32. 32. 32 Industry executives believe that next-generation user experiences will be underpinned by linear and on-demand content integration, unified search across all subscriber’s content sources, seamless multi-platform viewing, restart functionality supported by cloud PVR deployments, voice control, and big data and AI solutions enabling personalised content discovery. For most pay-TV providers, content investments remain the most significant part of their cost base. As they try to rationalise their content spend, pay-TV providers are also looking to develop a stronger and more diverse portfolio of content propositions. 67% of industry executives see new types of content offering as a commercially attractive and/or strategically important area of opportunity, with those based in Asia Pacific, Latin America, and North America being the most positive. Approaches do vary significantly by market and service provider. For example, the majority of pay-TV platforms (55%) have now embraced partnerships with third-party set-top box app providers like Netflix, but many industry executives believe that the real opportunity lies in offering a truly integrated pay-TV/ OTT experience in a single interface, which so far has only been done by a few major platforms, including Comcast in the USA, Vodafone in Spain, and Sky in the UK. Pay-TV executives also see further opportunities to develop new content offerings that would appeal to increasingly diverse audience tastes and preferences. These include the production – or co-production – of original and exclusive content, on-boarding of a wider range of content partners, content localisation, and new forms of content in areas such as Virtual Reality and eSports. Such moves reflect a growing appetite for more collaborative relationships with content providers, beyond the traditional buyer/seller model. “We’re investingin betterfeatureson theset-topbox,launchingacatch-upfeaturethatyoucangobacksevendays for almost 40 channels, rolling out cloud PVR, and offering seamless viewing on multiple devices… We want to add as many user-friendly features to the box as possible so that people don’t need to switch devices. We want to win what we call the ‘war for HDMI 1’.” Marco Dyodi Takahashi, CMO for Residential Bundles Business, Claro Brasil “Sky Atlantic and Amazon already have co-production deals on some of our shows, such as Tin Star where Sky AtlanticgetsrightsinoneoftheirmarketsandAmazongetsrightsinalltheothermarketsoutsideofSky’sfootprint. Given how well European content is doing and travelling, we expect to see more of these types of deal, but the industry still needs to find a model for collaboration in that space.” Wim Ponnet, Chief Strategy and Commercial Officer, Endemol Shine Group
  33. 33. 33 “I think any forward-looking pay-TV provider should make it their priority to have a 100% cloud-based platform, to ensure their customers have complete freedom to access all of their content wherever they are… At Vodafone, we have successfully deployed a pay-TV service that is fully cloud-based – we do not even have a hard drive in our set-top boxes. With the success of OTT boxes and HDMI dongles like Chromecast we are seeing that customers want to have small or no set-top boxes, around the big TV screen, they want access on any device, and they do not want to get locked out because of too many devices being connected simultaneously.” Michael Roedel, Head of TV Design and User Experience, Vodafone Global Enterprise “OTT should be core to any and all pay-TV providers so if you have not yet developed a compelling OTT service, then do it now. If you have one, then don’t position it as sub-standard to your DTH or cable products. And when I say OTT I do not mean on-demand content only – we should not forget that TV companies have live TV content, and live TV attracts big audiences.” Holly Knill, Director – Now, Foxtel, Australia THE CORE PAY-TV OFFER: ONLINE TV SERVICES Exhibit 25: Opportunities in the core pay-TV offer - online TV services39 Category N. America EMEA Asia Pacific L. America 4. Standalone OTT 5. Multiscreen TV Everywhere 6. App-based pay-TV Key: Commercial attractiveness / Strategic importance HighLow 41% 47% 41% 40% 59% 69% 69% 73% 59% 52% 63% 80% Online TV services are increasingly seen as table stakes and, as such, are must-have for all pay-TV providers. The ability to offer seamless multiscreen TV services is seen as one of the most strategically important priorities, particularly among executives in Latin America, EMEA, and Asia Pacific. Importantly, industry executives argue that the lines between the core pay-TV proposition and online TV services are blurring, with service providers moving towards a platform-agnostic model of pay-TV services: “The future of pay-TV is about the convergence between pay-TV and OTT – providers won’t be looking to offer multiple platforms, it will be a single platform for all screens, offering a consistent experience, which is optimised for a given device.” In addition, these converged services are widely expected to help providers reduce costs and speed up the development and introduction of new features and services. 39: Question: To what extent do you agree or disagree with the following statements about innovation and the pay-TV industry? (% of “respondents indicating “strongly agree” or “agree”; n = 138)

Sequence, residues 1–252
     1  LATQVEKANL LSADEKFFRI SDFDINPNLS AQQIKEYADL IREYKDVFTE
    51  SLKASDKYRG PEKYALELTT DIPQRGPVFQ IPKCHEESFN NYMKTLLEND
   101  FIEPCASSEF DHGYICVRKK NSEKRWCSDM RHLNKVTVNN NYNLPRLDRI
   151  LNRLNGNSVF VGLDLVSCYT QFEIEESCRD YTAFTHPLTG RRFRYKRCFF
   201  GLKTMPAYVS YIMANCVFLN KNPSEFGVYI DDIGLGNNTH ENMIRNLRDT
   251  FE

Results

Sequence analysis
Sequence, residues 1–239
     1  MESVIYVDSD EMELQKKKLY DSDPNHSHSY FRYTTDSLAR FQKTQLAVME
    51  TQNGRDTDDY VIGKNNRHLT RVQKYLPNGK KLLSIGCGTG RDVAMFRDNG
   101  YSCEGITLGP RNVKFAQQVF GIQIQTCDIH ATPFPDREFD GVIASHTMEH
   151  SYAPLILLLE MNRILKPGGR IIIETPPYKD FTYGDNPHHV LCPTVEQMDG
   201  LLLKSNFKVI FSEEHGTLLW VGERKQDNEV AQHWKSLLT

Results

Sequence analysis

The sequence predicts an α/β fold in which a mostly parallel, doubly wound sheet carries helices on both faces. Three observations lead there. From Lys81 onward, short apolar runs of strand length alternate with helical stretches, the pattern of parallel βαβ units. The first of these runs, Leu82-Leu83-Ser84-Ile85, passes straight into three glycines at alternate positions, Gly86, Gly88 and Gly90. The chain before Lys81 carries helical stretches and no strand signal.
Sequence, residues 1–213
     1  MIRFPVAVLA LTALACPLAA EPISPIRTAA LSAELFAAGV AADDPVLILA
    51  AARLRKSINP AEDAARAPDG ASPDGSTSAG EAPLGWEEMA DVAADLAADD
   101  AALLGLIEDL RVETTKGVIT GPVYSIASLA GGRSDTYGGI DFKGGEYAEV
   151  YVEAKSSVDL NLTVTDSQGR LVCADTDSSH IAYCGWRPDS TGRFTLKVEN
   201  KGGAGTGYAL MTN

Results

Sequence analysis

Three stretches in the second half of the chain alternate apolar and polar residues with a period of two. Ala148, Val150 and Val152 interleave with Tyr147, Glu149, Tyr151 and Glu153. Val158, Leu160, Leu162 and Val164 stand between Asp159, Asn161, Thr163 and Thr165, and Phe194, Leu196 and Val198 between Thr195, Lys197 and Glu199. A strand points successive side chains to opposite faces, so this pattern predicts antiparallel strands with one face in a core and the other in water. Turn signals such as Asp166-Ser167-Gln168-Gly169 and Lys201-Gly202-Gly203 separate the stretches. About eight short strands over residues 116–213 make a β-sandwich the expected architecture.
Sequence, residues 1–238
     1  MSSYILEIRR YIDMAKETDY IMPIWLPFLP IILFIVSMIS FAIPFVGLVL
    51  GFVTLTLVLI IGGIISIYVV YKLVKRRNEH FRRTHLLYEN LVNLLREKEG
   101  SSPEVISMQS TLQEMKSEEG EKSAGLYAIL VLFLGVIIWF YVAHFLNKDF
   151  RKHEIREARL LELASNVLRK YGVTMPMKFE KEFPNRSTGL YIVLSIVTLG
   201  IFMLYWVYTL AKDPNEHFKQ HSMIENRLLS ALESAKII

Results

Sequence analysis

34. 34. 34 On the other hand, fewer industry executives consider standalone OTT services to be a commercially and/or strategically important area of opportunity (43%, down from 64% last year). The decreased appeal is likely to be explained by the increasingly difficult economics of these services and the shift of sentiment towards converged pay-TV/OTT offerings. Similarly, industry executives are more cautious about the prospects of standalone, mobile- first OTT services, given that high-profile examples such as Verizon’s go90 and Vivendi’s Studio+ have been shut down in 2018. Nonetheless, executives remain convinced that multiscreen and, particularly, mobile services are a key element of a strong core pay-TV proposition, and in some markets across Asia Pacific they might even be the primary means for consumers to experience pay-TV. ADJACENCIES Looking beyond the core pay-TV proposition, most executives believe that connectivity services are the key area of focus for many service providers. The majority of 228 service providers analysed (69%) already offer fixed broadband services, with around a half (45%) offering mobile services (see Exhibit 26). Delivering a superior user experience on online services is seen as a key area of differentiation. However, an important challenge for many pay-TV providers is to ensure they have access to all the linear, non-linear and cloud PVR content rights. As they consider the long-term implications of developing and maintaining proprietary set-top boxes, many pay-TV providers are exploring the opportunity to switch to app-based pay-TV services, which could be delivered through applications on connected devices, such as Apple TV, Roku, Android TV boxes, or Chromecast, and Smart TVs. These app-based pay-TV services could help reduce costs and offer an attractive way to reach new customers outside of the existing footprints. The support for app-based pay-TV services is strongest among executives in Latin America, Asia Pacific, and North America (see Exhibit 25). The case for app-based pay-TV services is further reinforced by the changing perceptions about the importance of the set-top box, with some executives now arguing that the service provider’s network infrastructure and billing relationships – rather than proprietary set-top boxes – are the gateway to the customer. “Putting your own service side-by-side with other OTT services, you really start to blur the lines between pay-TV and OTT. All video services are going to be OTT in the future and the investments that some companies are making in their proprietary hardware and infrastructure might not be the things that will drive product and experience differentiation in the future. Running your own technology seems an antiquated model that a lot of MVPDs in the USA are still holding onto because they’ve made a lot of money from leasing and installing all of that hardware and infrastructure.” 69% 89% 68% 72% 63% 45% 47% 56% 44% 27% OVERALL NORTH AMERICA EMEA LATIN AMERICA ASIA PACIFIC Fixed broadband Mobile Exhibit 26: Proportion of service providers offering fixed broadband and mobile services